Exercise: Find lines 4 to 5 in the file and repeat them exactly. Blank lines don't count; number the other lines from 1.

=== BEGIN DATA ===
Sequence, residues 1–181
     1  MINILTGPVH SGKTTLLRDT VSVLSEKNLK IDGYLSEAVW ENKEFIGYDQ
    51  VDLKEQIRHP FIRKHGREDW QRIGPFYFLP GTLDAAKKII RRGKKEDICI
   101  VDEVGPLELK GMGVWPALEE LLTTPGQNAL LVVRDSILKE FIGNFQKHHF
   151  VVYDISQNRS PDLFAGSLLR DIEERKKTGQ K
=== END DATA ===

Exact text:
   101  VDEVGPLELK GMGVWPALEE LLTTPGQNAL LVVRDSILKE FIGNFQKHHF
   151  VVYDISQNRS PDLFAGSLLR DIEERKKTGQ K